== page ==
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Elements To Plead Prescriptive Easements And Implied Easements Clarified By Court

Martin v. Bicknell
___A.3d___ (2014)

by Gregory S. Emrick, Associate
Semmes, Bowen & Semmes (

Available at:

In the 1930’s, a developer built the neighborhood known as Foxhall Village in the District of Columbia. Included in the development were lots 52 and 53, upon which a common twelve foot driveway was placed for the benefit of the occupants of both lots. The twelve foot driveway straddled the property line and led to garages near the rear of each housing unit. James Martin and Antoinette Martin (“Martins”) purchased the house on lot 52 in 1969. For thirty (30) years the Martins shared the use of the driveway with the owners of lot 53. In 2001, the owner of lot 53 turned the garage into a rental unit, but the use of the driveway remained largely unchanged. Later that year, the Bicknells purchased lot 53. As the Bicknell’s no longer had a garage for parking, they advised the Martins that they would park on their side of the driveway, and agreement was reached so the Bicknells would keep their vehicles sufficiently on their side of the driveway to ensure the Martins’ access. The agreement, and the relationship between the neighbors, began to sour and the Bicknell’s use of the driveway would occasionally prevent the Martins from having access to their garage.

In 2012, the Martins sued the Bicknells alleging that the Martins had either an implied grant of an easement from the original developer, or a prescriptive easement. The Bicknells filed a motion to dismiss alleging that the implied easement required “strict necessity” and the Martins had only indicated “reasonable necessity.” Further, the Martins had failed to allege facts supporting the exclusive adverse use to support the prescriptive easement. The Superior Court granted the motion, and the Martins appealed.

The Court of Appeals for the District of Columbia expressly stated that it was publishing the opinion to clarify the elements for implied grants of easements and prescriptive easements, in hopes of preventing future litigation on the same issue. The Court then provided the following guidance:

An easement is “[a]n interest in land owned by another person, consisting in the right to use or control the land ... for a specific limited purpose.” An express easement, acknowledged in a deed conveying ownership of property, is always preferred under the law. Under certain circumstances, however, courts will recognize an implied easement. As this court has recognized, “[g]enerally, there are two types of implied easements, an implied grant, and an implied reservation.” In the case of an implied grant of an easement, a property owner has subdivided and sold some or all of his property, but it is implied that he also granted to the purchaser of one parcel, the dominant estate, an easement over another parcel, the servient estate—perhaps to allow access to a necessary resource (e.g., water or a public road). In the case of implied reservations of easement, the owner has subdivided but retained possession of the dominant estate, impliedly reserving use of a portion of the servient estate for his benefit. Because these two types of easements arise under different circumstances, each implicating distinct equitable concerns, the elements required to establish the existence of these easements are different. For implied grants of easements, the owner of the dominant estate need only assert that the easement is reasonably necessary to the use of his property. But for implied reservations of easements the owner of the dominant estate must show that the implied easement is strictly necessary.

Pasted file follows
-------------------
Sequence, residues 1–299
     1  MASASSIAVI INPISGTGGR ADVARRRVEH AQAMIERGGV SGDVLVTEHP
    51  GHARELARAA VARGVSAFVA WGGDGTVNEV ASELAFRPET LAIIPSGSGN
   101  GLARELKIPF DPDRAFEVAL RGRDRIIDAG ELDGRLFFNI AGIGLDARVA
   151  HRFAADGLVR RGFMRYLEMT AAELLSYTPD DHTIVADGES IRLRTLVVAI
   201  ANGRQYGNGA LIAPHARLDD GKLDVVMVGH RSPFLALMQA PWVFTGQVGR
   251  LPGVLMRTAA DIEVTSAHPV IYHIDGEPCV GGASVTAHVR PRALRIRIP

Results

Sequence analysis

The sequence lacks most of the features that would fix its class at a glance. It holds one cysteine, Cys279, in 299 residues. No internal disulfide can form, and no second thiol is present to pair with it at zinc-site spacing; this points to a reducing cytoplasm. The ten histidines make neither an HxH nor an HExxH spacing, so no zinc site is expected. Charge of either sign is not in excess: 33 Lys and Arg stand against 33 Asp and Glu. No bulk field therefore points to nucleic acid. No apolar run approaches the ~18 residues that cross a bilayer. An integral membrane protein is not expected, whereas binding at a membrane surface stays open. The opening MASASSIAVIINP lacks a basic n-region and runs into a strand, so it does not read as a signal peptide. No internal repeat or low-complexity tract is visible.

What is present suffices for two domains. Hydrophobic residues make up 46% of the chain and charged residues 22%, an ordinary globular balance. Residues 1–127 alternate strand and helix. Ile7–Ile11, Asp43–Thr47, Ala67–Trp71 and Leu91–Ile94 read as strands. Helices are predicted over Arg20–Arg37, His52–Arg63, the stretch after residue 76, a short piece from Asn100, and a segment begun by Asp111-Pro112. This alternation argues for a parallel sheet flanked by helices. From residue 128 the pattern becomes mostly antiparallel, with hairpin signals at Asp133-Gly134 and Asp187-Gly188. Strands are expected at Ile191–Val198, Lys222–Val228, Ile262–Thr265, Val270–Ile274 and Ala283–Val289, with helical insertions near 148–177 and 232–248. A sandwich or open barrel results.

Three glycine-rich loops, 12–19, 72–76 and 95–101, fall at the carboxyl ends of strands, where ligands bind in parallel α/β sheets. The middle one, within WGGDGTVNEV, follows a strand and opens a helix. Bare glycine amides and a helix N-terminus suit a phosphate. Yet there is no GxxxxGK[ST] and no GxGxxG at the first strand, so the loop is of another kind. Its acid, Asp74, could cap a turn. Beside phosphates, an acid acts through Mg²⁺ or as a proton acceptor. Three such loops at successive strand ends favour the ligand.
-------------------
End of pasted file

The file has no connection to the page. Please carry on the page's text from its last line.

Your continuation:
Id. at 2 (internal citations removed). The Court then held that the trial court had incorrectly applied the standard of the implied reservation of an easement instead of the implied grant. Under the implied grant of an easement the “reasonable necessity” was the proper standard to apply, and while the Martins had not used the exact words, the factual allegations supported the reasonable necessity.

The Court the addressed the prescriptive easement, and noted that case law had created confusion as to the role that exclusivity played in the doctrine. “A prescriptive easement requires open, notorious, exclusive, continuous, and adverse use for the statutory period of fifteen years.” Id. at 5 The general elements had been borrowed from adverse possession and “[i]t seems exclusivity has been recited with the other elements of prescriptive easements that have been imported from adverse possession cases, but it is a layabout; it has never done any work.” Id. The Court noted exclusivity was inconsistent with the concept of a prescriptive easement, and specifically held that a plaintiff need not make a showing of exclusivity for a prescriptive easement.

The Court of Appeals thereafter reversed and remanded the matter back to the trial court for further proceedings.